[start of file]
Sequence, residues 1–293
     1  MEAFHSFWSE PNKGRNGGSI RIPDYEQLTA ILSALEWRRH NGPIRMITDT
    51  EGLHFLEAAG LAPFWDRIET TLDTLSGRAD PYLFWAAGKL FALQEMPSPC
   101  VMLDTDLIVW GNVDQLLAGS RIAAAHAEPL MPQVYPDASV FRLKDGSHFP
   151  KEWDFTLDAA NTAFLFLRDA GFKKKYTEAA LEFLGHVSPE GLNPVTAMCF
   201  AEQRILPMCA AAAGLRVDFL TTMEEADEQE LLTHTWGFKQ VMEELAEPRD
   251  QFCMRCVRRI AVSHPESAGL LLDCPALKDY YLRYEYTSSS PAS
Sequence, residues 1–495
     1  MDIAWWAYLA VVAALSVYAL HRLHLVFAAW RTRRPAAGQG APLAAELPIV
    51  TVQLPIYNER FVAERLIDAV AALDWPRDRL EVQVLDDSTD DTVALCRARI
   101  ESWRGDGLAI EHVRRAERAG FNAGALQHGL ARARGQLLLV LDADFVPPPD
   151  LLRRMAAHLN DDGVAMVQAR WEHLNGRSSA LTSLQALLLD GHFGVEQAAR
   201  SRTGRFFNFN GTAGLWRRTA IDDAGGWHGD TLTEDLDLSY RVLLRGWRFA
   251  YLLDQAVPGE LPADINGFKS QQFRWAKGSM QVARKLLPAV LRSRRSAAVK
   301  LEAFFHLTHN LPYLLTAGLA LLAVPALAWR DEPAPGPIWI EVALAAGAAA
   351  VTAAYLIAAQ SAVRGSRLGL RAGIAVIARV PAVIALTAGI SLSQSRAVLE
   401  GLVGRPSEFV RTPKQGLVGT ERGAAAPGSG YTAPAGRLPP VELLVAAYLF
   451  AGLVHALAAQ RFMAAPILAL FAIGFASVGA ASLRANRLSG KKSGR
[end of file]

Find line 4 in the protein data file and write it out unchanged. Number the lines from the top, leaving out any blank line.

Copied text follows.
   101  VMLDTDLIVW GNVDQLLAGS RIAAAHAEPL MPQVYPDASV FRLKDGSHFP